Real Estate.—At common law it was not necessary that there should be written evidence of a contract of sale. The publicity of the feoffment obviated the necessity of writing, which was not essential to the validity of a feoff-ment until the Statute of Frauds (see FEOFFMENT). The earliest statute making a written instrument essential to a sale appears to be the Statute of Enrolments (27 Hen. VIII. c. 16). The bargain and sale operating under the Statute of Uses, and enrolled under the Statute of Enrol-ments in the High Court of Justice or with the custos rotulorum of the county, is no longer in use; a bargain and sale at common law is a mode of conveyance some-times used by executors exercising a power of sale. Such a bargain and sale must be by deed since 8 and 9 Vict, c. 106, but need not be enrolled. There was no compre-hensive legislative enactment dealing with all cases of sale of real estate until section 4 of the Statute of Frauds. Since that date a contract for the sale of real estate must be in writing (see FRAUD, where the provisions of the Act are set out). Sales by auction are within the statute, the auctioneer being the agent of both parties (see AUCTION). In an ordinary case of the sale of real estate the contract is formally drawn up on the basis of particulars and con-ditions of sale, which ought fairly to represent the actual state of the property. The statute, however, is satisfied by informal agreements, such as letters, if they contain the means of determining the property, the parties, and the price. The price must be a sum of money. If it is another estate, the contract is one of exchange; if no con-sideration passes, it is a gift. The price may be left to be determined by a third person, as by arbitration. For the way in which payment of the price may be made, see PAYMENT. The formation of a binding contract of sale is the most important stage in the transfer of real estate. From the moment at which the parties are bound by the contract the sale is made; the purchaser has the equitable estate in the subject-matter of the contract (see EQUITY), the vendor holding in trust for him, subject to the pay-ment of the purchase money, for which the vendor has a lien. The price becomes personal estate of the vendor and the land real estate of the purchaser. The latter has the right to accidental benefits and the burden of accidental losses accruing before completion of the purchase. The rights defined by the contract descend to the representa-tives of a deceased vendor or purchaser. In most cases the personal representative of a deceased vendor may convey the property under 44 and 45 Vict. c. 41, s. 4. After the contract it becomes the duty of the vendor to deliver an abstract of title, to satisfy the purchaser's reasonable requisitions as to any question arising on the title of the purchaser, and to pay a deposit, usually ten per cent, of the price fixed, within a certain time, the remainder being paid on completion,—that is, the execution of the conveyance and payment of the balance of the price. He also prepares the conveyance, which since 8 and 9 Vict, c. 106 must be by deed. The costs of execution of the conveyance are paid by the vendor. Any of these duties may be varied by special agreement. The sale is not in ordinary cases avoided because the purchaser is in default in payment of the purchase money on the day appointed. The purchaser does not forfeit his rights if he be ready to complete within a reasonable time after the day fixed for completion and to pay interest on the sum overdue. This rule is an old doctrine of equity, and is generally expressed by saying that time is not of the essence of the contract. As a general rule, any real estate is capable of sale, unless it is altogether extra commercium, as a church or public building. There are, however, a few exceptions introduced by the legislature, such as estates tail not barred, estates which by Act of Parliament are inalienable (see REAL ESTATE), and crown lands, of which all grants for more than thirty-one years are in general void by 1 Anne st. 1, c. 7. Sales of pretended titles to land are void by 32 Hen. VIII. c. 9. The sale of land to be held in mortmain would be void as contrary to the policy of the Mortmain Acts (see CHARITIES, CORPORATION). The rights and liabilities of vendors and purchasers have been considerably affected by recent legislation, the principal Acts dealing with the subject being the Vendor and Purchaser Act, 1874, and the Conveyancing Act, 1881. A period of forty years has been substituted for the period of sixty years previously necessary as the root of title,—that is to say, in most cases an abstract showing title for forty years is sufficient. In an abstract of title to leaseholds, the title is to commence with the lease or underlease, in an abstract of title to enfranchised lands, under a contract to sell the freehold, with the deed of enfranchisement. Recitals twenty years old are evidence, except so far as they can be proved to be inaccurate, and recitals of documents dated prior to the commencement of the abstract are to be taken as correct, and their production is not to be required. The expenses of evidence required in support of the abstract and not in the vendor's possession are thrown upon the purchaser. The Conveyancing Act, 1881, further protects the purchaser by implying in a conveyance by a beneficial owner on sale for valuable consideration covenants for right to convey, quiet enjoyment, freedom from encum-brances, and further assurance. In a conveyance of lease-holds a covenant for the validity of the lease is implied. These covenants protect the purchaser much in the same way as the implied warranty in the sale of personalty. The Act also gives the mortgagee, where the mortgage is by deed, the power of sale generally inserted in mortgage deeds (see MORTGAGE).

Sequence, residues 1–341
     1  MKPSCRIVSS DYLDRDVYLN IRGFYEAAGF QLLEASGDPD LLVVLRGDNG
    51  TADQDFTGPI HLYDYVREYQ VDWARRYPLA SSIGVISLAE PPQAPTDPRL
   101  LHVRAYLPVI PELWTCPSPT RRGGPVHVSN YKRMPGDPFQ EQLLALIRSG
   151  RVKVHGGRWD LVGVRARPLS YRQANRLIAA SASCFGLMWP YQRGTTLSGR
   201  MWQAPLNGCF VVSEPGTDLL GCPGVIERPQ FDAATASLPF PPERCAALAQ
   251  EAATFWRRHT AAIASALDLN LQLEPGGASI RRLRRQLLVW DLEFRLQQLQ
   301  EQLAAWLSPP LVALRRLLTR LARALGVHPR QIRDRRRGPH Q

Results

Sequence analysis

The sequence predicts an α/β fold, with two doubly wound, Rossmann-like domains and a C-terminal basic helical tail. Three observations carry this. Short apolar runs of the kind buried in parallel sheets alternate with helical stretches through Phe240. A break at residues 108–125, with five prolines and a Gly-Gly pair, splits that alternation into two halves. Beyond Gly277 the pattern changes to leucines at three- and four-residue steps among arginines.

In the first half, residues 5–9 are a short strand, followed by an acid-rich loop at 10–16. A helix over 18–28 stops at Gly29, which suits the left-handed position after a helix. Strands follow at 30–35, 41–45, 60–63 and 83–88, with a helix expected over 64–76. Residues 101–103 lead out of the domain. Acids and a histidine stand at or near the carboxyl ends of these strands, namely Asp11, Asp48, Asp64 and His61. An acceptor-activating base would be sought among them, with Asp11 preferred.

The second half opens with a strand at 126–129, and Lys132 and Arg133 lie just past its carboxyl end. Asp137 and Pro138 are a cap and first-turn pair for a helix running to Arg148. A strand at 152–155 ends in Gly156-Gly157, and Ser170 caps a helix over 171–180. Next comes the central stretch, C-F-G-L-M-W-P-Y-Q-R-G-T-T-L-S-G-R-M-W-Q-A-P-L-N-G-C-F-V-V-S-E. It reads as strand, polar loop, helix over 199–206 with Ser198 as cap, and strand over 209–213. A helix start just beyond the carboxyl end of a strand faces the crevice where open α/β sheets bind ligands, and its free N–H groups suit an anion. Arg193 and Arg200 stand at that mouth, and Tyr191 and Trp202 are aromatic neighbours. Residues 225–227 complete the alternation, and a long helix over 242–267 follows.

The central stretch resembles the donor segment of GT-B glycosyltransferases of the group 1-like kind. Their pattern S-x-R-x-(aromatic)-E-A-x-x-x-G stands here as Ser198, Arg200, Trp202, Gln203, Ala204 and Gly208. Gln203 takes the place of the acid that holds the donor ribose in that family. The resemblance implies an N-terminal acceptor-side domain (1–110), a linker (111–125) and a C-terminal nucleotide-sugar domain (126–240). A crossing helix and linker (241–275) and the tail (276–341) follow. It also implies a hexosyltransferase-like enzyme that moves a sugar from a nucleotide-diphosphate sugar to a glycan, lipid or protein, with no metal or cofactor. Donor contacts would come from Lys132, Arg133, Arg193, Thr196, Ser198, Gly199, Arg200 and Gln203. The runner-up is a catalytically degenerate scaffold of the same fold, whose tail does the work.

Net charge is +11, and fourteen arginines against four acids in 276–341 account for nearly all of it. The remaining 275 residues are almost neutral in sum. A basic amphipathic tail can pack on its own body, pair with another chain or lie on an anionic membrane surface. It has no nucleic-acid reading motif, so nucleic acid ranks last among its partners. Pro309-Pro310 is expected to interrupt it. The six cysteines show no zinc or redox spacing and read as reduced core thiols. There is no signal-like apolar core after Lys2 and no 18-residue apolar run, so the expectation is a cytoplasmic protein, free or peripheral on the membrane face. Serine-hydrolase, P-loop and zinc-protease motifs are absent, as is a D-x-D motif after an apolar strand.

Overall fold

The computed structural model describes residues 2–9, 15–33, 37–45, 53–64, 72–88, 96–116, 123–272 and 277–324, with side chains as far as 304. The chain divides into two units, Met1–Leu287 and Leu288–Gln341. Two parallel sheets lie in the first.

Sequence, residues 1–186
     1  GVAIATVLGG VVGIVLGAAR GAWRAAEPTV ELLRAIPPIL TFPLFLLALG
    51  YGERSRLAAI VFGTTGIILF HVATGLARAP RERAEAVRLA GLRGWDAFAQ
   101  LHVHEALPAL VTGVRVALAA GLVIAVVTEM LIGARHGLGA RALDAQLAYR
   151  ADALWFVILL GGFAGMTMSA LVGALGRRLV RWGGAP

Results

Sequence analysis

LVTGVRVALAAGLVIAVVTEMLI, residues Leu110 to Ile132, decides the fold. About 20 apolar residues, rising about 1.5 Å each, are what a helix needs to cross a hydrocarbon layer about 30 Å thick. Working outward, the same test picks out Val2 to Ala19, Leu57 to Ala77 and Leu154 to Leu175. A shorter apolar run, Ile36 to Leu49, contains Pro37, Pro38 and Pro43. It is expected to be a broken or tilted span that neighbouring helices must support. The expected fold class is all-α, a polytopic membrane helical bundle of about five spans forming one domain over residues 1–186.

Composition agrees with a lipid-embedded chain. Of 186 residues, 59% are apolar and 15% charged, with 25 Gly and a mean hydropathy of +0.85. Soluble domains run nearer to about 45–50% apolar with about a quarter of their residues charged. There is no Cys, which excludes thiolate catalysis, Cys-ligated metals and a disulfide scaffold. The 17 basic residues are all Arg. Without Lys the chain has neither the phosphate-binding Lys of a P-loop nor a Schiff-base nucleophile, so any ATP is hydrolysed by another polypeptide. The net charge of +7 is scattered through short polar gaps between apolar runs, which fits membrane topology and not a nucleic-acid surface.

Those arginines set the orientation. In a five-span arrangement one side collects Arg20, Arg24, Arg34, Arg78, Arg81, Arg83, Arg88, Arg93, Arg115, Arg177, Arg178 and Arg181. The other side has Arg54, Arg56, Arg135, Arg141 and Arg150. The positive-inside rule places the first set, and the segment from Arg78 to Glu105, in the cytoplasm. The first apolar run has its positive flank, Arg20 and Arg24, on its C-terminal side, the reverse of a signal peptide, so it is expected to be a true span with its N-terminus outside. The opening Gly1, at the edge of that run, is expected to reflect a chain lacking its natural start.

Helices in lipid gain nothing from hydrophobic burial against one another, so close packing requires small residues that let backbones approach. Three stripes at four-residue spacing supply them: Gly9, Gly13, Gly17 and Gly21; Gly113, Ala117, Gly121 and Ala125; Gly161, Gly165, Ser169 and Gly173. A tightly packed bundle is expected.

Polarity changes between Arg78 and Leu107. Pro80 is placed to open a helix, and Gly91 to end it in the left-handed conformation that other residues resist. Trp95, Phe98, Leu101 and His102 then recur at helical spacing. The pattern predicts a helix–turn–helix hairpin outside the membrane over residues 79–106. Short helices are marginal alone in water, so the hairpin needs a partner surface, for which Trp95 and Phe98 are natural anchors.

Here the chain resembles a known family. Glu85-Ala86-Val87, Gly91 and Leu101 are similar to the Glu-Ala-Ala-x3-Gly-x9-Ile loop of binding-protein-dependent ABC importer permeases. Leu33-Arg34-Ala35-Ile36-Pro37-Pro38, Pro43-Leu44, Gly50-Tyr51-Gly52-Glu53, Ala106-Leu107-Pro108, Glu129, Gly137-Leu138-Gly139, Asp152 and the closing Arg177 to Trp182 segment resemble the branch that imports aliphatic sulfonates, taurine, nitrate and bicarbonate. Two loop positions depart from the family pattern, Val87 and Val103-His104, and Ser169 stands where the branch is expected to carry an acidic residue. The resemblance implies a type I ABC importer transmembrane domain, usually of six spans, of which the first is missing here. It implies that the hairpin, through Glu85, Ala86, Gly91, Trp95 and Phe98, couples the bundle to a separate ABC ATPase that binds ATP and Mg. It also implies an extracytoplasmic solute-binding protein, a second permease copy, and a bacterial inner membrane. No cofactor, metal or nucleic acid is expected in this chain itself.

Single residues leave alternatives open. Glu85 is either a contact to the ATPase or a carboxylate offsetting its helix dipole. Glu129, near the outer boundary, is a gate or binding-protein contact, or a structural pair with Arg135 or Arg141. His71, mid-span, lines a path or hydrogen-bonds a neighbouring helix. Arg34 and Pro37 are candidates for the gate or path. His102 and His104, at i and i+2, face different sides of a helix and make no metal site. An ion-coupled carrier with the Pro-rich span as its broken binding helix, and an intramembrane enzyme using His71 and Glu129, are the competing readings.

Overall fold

The remedies of the vendor are an action for the price or for specific performance according to circumstances. There is also a remedy by mandamus against public com-panies refusing to complete. Specific performance is a remedy introduced by the Court of Chancery to enforce contracts for the sale or purchase of real estate, it being considered that in such cases the common law action for damages was an insufficient remedy. Strictly, it is only an exercise by the court of its jurisdiction over trustees, the vendor being after the contract, as has been said, a trustee for the purchaser. By the Judicature Act, 1873, actions of specific performance are specially assigned to the Chancery Division. A county court has jurisdiction where the purchase money does not exceed £500. In spite of the Statute of Frauds, specific performance may in some cases be decreed where a parol contract has been followed by part performance and where the position of the parties has been materially altered on the faith of the contract. Actions for the price or for specific performance are subject to the purchaser's right to compensation for deficiency of quality or quantity or of the vendor's interest in the property. The question whether in a particular case the purchaser is entitled to rescind the contract or only to compensation is often a very difficult one. The remedies of the purchaser are an action for specific perform-ance, for rescission of the contract or for damages (in case of fraud), for a return of the deposit, or for expenses. On the principle of caveat emptor, the sale is not avoided by mere commendatory statements, statements of opinion, or non-disclosure of patent defects. Non-disclosure of latent defects or material misrepresentation of facts, on the faith of which the purchaser entered into the contract, will as a rule be a ground for rescission or for damages, and this irrespective of fraud, as a contract for the sale of land is a contract uberrimee fidei. Where the sale goes off or the vendor without fraud fails to make a good title, the purchaser can only recover the deposit, if any, and any expenses to which he may have been put; he cannot recover damages for the loss of his bargain. Certain frauds by a vendor or his solicitor or agent in order to induce the purchaser to accept a title render the offender guilty of a misdemeanour, as well as liable to an action for damages (22 and 23 Vict. c. 35, s. 24). By the Vendor and Pur-chaser Act, 1874, either a vendor or a purchaser of real or leasehold estate in England may obtain on a summary application the decision of a judge of the Chancery Division on any question connected with the contract, not being a question affecting its existence or validity. (See Sugden, Vendors and Purchasers; Dart, Vendors and Purchasers; Fry, Specific Performance.')